Back Pain With Walking


Why is walking making my lower back hurt?

Why is walking making my lower back hurt?

Warning: This chapter gets a bit nerdy and technical.


This is most common in people with stenosis or degenerative disc disease.  Remember stenosis means narrowing and specifically it means narrowing of the hole where the nerve comes out. But remember that the hole itself is not a fixed hole, it is two half circles that move when you move.

the hole

Walking is not so simple.  Biomechanically when we walk we have motion from the top down and bottom up that occurs and drives motion through the cross roads of the body called the lower back.


Remember when we talked about how the nerve in the lower back comes out of a hole and travels down each leg creating the sciatic nerve. Remember when we talked about the three ways to compress or close the hole in the lower back.  In case you forgot, The three ways to close the hole are backwards bending, opposite side rotation, same side side-bending. So let’s talk about walking

Motion occurs during walking because of The top down motion from your arms swinging and bottom up from your legs moving.  All of which drives motion into the lower back.


Image a right step forward- Your arms naturally will rotate right creating trunk rotation to the right which opens up the right side hole (that’s good).  When the right foot hits the ground the hips tile or side bend to the left.  Since our eyes like to stay level our upper body leans to the right or right side bends, which closes the right hole in the lower back (that’s bad).  Finally, as you take a right step forward your pelvis tilts forward and since the spine is attached to your pelvis is makes your lower back arch into what is called lordosis or backward bending.  Well arching backwards is another way to compress the hole on both sides (that’s bad). So you have to motions that are causing compression on the right or hole closing which are (right side bending and bending backwards) And you have one motion that is opening the hole up (rotation to the right) because of the arm swing.  This is a beautiful design, If the body is able to move properly to allow these motions to occur.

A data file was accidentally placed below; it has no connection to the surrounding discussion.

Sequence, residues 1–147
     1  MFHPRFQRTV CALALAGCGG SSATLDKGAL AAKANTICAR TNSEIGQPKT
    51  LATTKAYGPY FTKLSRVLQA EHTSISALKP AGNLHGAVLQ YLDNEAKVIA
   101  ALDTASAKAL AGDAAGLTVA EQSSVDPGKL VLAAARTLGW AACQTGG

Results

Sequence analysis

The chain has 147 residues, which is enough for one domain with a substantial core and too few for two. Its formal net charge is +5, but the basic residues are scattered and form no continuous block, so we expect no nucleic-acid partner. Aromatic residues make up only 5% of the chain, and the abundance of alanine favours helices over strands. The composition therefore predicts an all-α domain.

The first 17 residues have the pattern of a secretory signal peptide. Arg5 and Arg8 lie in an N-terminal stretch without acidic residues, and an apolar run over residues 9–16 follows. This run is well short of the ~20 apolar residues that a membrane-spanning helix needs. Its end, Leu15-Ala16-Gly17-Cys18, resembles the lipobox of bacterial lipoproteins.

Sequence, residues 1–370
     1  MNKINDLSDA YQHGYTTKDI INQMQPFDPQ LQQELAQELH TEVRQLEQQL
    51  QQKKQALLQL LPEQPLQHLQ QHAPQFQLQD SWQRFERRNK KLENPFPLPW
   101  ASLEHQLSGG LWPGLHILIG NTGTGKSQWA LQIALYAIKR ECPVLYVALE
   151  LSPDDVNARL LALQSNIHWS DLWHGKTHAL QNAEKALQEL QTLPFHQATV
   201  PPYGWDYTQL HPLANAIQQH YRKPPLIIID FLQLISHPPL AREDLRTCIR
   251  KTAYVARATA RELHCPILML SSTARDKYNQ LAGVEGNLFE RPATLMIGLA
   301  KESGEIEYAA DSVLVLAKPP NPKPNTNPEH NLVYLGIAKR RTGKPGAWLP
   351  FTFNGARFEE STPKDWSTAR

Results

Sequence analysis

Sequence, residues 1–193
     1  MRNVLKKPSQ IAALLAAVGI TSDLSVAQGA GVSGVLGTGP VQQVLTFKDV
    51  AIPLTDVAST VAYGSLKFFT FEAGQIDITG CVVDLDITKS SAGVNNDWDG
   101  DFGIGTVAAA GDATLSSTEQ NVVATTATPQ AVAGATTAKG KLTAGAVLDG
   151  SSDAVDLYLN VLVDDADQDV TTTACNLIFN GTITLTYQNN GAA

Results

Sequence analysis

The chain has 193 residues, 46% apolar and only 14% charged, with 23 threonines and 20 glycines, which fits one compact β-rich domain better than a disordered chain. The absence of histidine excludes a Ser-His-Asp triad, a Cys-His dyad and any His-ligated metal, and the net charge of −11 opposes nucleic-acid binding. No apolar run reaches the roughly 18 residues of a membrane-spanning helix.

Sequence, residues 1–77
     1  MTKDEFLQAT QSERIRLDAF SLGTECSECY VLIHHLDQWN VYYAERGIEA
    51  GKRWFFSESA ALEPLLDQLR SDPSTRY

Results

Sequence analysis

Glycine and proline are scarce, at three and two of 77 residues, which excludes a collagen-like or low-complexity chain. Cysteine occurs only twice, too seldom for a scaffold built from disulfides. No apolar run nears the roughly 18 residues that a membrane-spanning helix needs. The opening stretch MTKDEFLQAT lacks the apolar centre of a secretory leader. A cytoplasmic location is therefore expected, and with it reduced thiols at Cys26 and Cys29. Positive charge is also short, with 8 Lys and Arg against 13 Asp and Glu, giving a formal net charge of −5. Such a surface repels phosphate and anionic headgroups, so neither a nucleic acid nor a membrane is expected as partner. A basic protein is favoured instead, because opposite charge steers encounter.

Now let’s switch to the left side of the lower back during that right step forward during walking.  As you take a step forward with your right foot and your arms rotate to the right it creates right rotation in the low back.  This compresses the left side of the spine and makes the hole smaller.  The pelvis also tilts to the left and since your upper body stays level by bending to the right slightly, the left side hole opens up, and finally as you take a step forward your pelvis tilts forward again causing backward bending in your lower back and closing the hole. So again two ways that the hole is getting closed down but one way it is getting opened up.  The opening up in this case is due to the side bending that occurs.  If the hips allow the pelvis to tilt we will have a nice wide open hole.  If they don’t the hole will be small and the nerve will
be compressed.


The point here is that the body has a specific design and during walking our lower back counts on these other parts to move optimally.  If we have to much of one motion or not enough of another motion in the surrounding areas that include the hips and upper back and feet we are not able to use this amazing design during walking.  As spine segments move to their limits of design they start to get wore out and damaged.  This is why walking is so commonly a problem.  If you want to learn more about how the lower back moves and some strategies on how to create a spine that is able to open up the holes optimally you should click here.


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